I do appreciate the answer to this question varies on where you are in the world but I'm happy to hear of different approaches from different countries. I'd be particularly interested in responses with respect to New Zealand, Australia and the UK.

Fourty odd years ago, when I was in high school, I had French lessons. There was quite an emphasis on the grammar of the language. In a sense our learning was "hung" on the grammatical frame of the language.

Today, almost at the opposite extreme, I have been enjoying using Memrise to refresh my memory of French vocabulary. The Memrise course in question mentions grammar only in passing--the emphasis is on acquiring words and phrases. What grammar is mentioned is a means to an end.

I do understand that a Memrise course isn't "learning French" but it's made me curious. How does a modern high school level French course work? What is the frame on which the language is "hung". How does the classroom teaching compare to Memrise and other online courses?

closed as too broad by Flimzy, fi12, Hatchet, callyalater, Anthony Pham May 9 '16 at 11:26

Please edit the question to limit it to a specific problem with enough detail to identify an adequate answer. Avoid asking multiple distinct questions at once. See the How to Ask page for help clarifying this question. If this question can be reworded to fit the rules in the help center, please edit the question.

  • As your opening paragraph indicates, this question is very broad. Could you perhaps narrow to a specific country or region, to avoid being Too broad? – Flimzy May 4 '16 at 6:11
  • @Flimzy thanks for your comment. I've added a sentence onto the opening paragraph to indicate my primary area of interests. – glaucon May 5 '16 at 4:44
  • As a rule (in the US these days) class is taught in the target language. It goes something like this. One day you'll have a lesson on a new grammar topic. You'll do some workbook pages at home on that topic and the next day you'll go over them in class. The next day you'll hear some students give oral presentations; the next day it'll be a film or a song; the next day you'll read a story or poem together; the next day you'll have a test; and repeat. – SAH Nov 2 '16 at 2:50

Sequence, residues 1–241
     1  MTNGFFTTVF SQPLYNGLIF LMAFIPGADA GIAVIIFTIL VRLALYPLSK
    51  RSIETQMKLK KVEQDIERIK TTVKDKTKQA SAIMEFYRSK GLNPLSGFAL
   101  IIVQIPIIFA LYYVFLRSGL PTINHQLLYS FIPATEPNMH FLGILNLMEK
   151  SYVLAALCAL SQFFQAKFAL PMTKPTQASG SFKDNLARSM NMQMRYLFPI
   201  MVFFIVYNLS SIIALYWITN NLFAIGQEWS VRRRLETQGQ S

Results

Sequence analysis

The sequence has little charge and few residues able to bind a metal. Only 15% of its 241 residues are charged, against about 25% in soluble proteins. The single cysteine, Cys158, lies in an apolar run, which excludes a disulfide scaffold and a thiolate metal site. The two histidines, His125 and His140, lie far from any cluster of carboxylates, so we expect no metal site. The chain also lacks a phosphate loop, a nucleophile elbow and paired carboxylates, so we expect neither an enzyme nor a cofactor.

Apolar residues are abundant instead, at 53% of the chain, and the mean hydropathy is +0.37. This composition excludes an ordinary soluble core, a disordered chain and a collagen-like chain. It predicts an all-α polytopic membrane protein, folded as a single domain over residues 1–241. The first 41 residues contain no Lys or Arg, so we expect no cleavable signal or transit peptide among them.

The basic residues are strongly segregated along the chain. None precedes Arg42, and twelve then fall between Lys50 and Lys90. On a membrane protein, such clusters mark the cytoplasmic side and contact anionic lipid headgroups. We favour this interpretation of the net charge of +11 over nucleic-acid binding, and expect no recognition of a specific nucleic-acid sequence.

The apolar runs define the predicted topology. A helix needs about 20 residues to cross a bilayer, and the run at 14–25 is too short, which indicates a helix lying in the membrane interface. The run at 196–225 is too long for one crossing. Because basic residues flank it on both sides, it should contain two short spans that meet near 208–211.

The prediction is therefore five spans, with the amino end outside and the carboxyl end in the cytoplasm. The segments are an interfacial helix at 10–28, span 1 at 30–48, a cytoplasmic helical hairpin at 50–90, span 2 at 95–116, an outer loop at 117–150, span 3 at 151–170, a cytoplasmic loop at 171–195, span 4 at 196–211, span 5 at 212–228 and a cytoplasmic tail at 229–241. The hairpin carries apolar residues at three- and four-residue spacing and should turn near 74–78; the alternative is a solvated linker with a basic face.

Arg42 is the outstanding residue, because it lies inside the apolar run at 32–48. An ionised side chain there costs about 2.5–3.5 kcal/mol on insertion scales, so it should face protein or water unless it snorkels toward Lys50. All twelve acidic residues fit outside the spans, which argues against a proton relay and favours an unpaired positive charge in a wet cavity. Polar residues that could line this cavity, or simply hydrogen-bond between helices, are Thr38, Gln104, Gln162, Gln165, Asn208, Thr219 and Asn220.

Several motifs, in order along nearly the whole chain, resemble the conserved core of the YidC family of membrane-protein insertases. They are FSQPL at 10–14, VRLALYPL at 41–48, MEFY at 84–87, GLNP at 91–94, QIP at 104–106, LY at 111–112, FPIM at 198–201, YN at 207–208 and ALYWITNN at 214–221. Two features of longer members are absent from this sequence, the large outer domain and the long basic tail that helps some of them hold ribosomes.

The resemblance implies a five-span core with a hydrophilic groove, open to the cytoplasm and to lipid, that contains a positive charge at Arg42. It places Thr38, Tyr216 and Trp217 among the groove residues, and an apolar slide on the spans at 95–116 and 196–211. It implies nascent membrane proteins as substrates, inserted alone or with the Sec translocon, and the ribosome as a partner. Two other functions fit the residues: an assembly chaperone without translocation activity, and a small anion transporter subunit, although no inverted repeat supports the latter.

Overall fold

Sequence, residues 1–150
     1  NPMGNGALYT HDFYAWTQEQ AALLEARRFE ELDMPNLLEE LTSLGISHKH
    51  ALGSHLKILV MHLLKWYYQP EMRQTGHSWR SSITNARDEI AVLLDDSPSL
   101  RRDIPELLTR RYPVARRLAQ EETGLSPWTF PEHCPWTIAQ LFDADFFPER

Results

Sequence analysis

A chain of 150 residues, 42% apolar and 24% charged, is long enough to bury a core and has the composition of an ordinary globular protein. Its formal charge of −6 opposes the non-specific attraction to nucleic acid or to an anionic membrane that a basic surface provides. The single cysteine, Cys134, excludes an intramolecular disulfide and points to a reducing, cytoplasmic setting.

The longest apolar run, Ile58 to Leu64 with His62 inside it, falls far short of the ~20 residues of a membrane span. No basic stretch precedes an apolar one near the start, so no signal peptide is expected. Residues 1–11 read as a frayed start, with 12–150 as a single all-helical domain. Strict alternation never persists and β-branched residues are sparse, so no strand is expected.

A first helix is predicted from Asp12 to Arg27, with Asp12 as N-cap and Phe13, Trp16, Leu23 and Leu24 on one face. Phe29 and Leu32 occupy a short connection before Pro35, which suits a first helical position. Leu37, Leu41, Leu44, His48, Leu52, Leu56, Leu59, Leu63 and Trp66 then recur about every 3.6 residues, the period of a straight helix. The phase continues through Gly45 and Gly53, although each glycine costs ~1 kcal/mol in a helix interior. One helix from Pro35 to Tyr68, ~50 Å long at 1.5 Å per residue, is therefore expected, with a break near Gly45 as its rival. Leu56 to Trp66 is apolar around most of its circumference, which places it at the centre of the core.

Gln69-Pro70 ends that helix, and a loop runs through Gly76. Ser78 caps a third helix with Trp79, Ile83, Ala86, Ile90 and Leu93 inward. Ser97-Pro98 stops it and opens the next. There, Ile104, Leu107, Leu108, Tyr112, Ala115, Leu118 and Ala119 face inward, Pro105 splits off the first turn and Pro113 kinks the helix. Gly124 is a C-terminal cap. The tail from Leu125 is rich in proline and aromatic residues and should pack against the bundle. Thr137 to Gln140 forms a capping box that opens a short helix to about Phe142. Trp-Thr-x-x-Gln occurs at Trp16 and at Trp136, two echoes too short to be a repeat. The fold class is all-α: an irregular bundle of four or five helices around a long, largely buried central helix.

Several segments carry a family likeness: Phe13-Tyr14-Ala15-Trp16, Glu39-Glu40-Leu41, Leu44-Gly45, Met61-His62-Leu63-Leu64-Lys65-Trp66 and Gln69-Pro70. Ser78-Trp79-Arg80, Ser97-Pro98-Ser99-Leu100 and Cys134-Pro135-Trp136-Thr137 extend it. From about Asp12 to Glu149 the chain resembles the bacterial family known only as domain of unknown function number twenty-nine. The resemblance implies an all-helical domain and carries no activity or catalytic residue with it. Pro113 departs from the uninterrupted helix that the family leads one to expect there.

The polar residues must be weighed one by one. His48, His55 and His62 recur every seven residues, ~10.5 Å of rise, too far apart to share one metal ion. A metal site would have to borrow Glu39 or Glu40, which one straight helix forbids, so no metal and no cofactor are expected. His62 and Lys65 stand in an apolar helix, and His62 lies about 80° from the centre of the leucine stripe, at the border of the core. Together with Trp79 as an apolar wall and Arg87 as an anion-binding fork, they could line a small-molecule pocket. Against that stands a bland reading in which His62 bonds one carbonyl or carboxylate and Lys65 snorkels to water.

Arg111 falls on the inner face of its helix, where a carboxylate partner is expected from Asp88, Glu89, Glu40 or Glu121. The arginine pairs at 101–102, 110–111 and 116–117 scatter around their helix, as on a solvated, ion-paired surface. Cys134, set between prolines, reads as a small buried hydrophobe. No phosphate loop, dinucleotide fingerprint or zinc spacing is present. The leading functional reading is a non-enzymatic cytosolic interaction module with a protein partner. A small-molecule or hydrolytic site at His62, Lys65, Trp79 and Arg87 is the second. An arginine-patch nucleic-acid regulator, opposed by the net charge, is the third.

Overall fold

Language teaching has swung through some pretty large swings over the last hundred years.

First off, there's approaches to language learning without any coherent methodology and there are also misapplications of methods for purposes for which they were not intended.

As mentioned in another answer, there's an approach now called grammar translation. The idea is that you learn the grammar of the language and with a dictionary are then capable of translating primarily written materials into your language. GT is primarily suited to reading ancient languages where the value of production is minimal and the point is to be able to decipher the text precisely.

This was supplanted by the audio lingual method. Here, you're going to be hearing and seeing a lot of things in the language and speaking, and you will be required to produce in that language.

A further method is the "Berlitz method" or others like it which are all about immersion.

More recently, there's also TBLT (Task-based language teaching), which is based on functional and situational use of language. There's also PPP (presentation, practice production), which says the instructor should demonstrate, then students practice, then students produce novel items.